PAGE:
Have You Ever Wondered: What Do Court Reporters Do After the Proceeding Is Over?
The deposition is concluded. The hearing is adjourned. The meeting is over. The court reporter, who has been sitting silently for most of the day, begins collecting documents and taking copy orders while packing up various equipment. The witness frequently comments as to his or her elation that a deposition is finally over. As the proceeding participants chat and file out of the room, it’s unlikely any of them are thinking, “What do court reporters do after this?” I am quite confident that’s the last question on anyone’s mind – except for the court reporter.
For court reporters, the end of a proceeding is when the real work begins. The hours we spend taking down the record are just the beginning of the production of a transcript. Some attorneys have the notion that a transcript is complete when the proceeding is over. I’ve actually heard some say, “All you have to do is print it out.” Wow. Let me try to spread a little enlightenment in that arena.
What a Court Reporter Does During a Proceeding
Though there are several different methods court reporters use to take down the record, most of us work with a stenography machine. These devices have come a long way since being invented and can now connect to laptops and translate into text as a proceeding is in progress. Court reporters use what is called “machine shorthand” to press the keys and create words on the screen. This activity is not “typing” in the true sense of the word, but it does appear very similar. Words and phrases are produced phonetically in syllables, and the immediate translation on the computer screen may not be the language that will be contained in the final transcript.
For example, let’s say an attorney asks for a rough draft after the deposition of a cardiologist. During the deposition, the doctor spoke about doing a coronary artery bypass graft surgery. What the doctor said was, “I did a CABG surgery on Mr. Smith.” What the attorney would likely see in the rough draft is, “I did a cabbage surgery on Mr. Smith,” because phonetically that is what the doctor said. Obviously that sentence is going to require that the court reporter do some research and editing.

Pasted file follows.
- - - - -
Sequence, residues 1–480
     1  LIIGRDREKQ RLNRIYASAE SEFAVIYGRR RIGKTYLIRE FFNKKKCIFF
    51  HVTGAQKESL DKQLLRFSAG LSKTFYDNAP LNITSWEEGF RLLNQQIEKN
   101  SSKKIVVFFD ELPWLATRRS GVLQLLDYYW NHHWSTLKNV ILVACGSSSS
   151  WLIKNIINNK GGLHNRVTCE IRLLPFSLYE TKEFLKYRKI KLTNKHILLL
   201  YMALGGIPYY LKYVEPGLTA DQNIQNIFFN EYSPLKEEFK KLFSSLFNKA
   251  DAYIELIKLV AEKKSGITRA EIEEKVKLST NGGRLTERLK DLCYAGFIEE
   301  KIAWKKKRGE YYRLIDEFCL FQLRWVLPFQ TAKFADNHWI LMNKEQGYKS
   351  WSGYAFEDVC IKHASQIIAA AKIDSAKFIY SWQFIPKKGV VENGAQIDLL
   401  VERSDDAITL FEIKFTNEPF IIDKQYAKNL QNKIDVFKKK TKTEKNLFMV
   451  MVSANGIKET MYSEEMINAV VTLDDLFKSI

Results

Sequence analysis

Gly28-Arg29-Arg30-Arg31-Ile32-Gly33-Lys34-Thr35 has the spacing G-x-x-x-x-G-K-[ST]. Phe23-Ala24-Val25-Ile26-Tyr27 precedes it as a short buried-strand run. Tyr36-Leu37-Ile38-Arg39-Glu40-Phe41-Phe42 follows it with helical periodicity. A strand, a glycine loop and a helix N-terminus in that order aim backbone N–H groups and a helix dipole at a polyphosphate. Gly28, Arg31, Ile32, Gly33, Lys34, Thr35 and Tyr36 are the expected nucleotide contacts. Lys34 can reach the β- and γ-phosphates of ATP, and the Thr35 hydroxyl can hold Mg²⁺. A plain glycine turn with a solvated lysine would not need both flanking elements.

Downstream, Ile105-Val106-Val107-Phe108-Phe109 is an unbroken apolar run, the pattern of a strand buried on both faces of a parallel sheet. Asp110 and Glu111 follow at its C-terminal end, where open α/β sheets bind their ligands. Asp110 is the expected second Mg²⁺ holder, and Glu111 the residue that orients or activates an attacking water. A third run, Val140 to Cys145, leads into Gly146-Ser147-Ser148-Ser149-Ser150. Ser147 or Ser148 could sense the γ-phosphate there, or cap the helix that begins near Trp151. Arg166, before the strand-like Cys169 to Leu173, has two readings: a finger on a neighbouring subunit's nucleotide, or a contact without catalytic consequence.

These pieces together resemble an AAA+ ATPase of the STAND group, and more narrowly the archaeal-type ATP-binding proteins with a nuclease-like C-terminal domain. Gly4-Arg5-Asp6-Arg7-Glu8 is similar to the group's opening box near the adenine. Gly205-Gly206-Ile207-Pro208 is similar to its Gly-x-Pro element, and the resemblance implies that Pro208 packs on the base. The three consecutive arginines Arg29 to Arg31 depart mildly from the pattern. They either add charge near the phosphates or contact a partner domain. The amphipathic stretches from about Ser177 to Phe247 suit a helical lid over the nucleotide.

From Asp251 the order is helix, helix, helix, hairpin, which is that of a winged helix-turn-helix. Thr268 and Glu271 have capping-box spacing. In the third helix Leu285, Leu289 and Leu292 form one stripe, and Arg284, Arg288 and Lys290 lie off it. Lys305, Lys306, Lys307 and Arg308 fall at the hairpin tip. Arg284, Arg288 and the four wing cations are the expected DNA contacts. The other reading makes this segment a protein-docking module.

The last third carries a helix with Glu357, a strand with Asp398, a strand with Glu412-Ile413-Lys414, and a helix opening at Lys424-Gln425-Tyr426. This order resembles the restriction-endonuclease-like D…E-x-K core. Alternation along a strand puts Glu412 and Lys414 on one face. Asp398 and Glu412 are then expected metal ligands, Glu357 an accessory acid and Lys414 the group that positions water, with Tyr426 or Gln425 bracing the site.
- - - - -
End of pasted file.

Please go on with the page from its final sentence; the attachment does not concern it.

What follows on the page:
Scoping: The Most Time Consuming Part of a Court Reporter’s Job
Scopists are the least known participants in the legal field. Though scoping is the most time-consuming and significant part of the production of a transcript, most attorneys have never heard of a scopist. There are thousands of scopists around the world, and their job is to do research and editing for court reporters.
When a court reporter gets back to the office after a job, the digital file for the job is prepared to be edited. Many court reporters prefer to do their own scoping; some, however, do not. Scoping is very time intensive, especially for medical or technical jobs that require a significant amount of research for proper spellings. For some court reporters, their preference is to send the job file to a scopist to perform the tedious research and editing required.
Proofreading: The Polishing of the Transcript
After a transcript has been scoped, various information for the cover page and index is completed, and the final draft is ready to be proofread. Again, some court reporters prefer to proofread their own transcripts, but there are many who utilize the services of proofreaders.